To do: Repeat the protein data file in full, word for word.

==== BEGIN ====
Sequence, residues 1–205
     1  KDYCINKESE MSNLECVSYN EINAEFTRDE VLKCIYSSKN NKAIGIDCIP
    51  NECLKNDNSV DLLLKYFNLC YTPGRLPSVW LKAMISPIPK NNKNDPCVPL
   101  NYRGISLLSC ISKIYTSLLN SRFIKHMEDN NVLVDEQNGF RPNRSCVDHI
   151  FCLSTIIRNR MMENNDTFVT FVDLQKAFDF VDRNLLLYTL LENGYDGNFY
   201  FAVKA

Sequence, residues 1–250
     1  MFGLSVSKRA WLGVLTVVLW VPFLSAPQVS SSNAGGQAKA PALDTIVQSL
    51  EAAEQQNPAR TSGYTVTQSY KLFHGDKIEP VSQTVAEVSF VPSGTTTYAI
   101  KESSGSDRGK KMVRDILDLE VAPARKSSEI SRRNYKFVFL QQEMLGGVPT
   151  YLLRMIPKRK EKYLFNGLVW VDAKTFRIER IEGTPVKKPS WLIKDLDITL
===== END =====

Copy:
Sequence, residues 1–205
     1  KDYCINKESE MSNLECVSYN EINAEFTRDE VLKCIYSSKN NKAIGIDCIP
    51  NECLKNDNSV DLLLKYFNLC YTPGRLPSVW LKAMISPIPK NNKNDPCVPL
   101  NYRGISLLSC ISKIYTSLLN SRFIKHMEDN NVLVDEQNGF RPNRSCVDHI
   151  FCLSTIIRNR MMENNDTFVT FVDLQKAFDF VDRNLLLYTL LENGYDGNFY
   201  FAVKA

Sequence, residues 1–250
     1  MFGLSVSKRA WLGVLTVVLW VPFLSAPQVS SSNAGGQAKA PALDTIVQSL
    51  EAAEQQNPAR TSGYTVTQSY KLFHGDKIEP VSQTVAEVSF VPSGTTTYAI
   101  KESSGSDRGK KMVRDILDLE VAPARKSSEI SRRNYKFVFL QQEMLGGVPT
   151  YLLRMIPKRK EKYLFNGLVW VDAKTFRIER IEGTPVKKPS WLIKDLDITL